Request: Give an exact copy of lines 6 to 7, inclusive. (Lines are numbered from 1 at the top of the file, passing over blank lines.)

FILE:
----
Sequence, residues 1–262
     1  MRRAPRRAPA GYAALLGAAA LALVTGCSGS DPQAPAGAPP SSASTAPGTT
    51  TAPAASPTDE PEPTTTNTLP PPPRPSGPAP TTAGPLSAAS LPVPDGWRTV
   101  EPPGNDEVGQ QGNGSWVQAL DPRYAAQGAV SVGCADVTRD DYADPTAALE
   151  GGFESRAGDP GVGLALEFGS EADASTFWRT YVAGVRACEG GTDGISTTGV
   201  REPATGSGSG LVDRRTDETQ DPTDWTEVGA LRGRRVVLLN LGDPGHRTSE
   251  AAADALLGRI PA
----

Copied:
   201  REPATGSGSG LVDRRTDETQ DPTDWTEVGA LRGRRVVLLN LGDPGHRTSE
   251  AAADALLGRI PA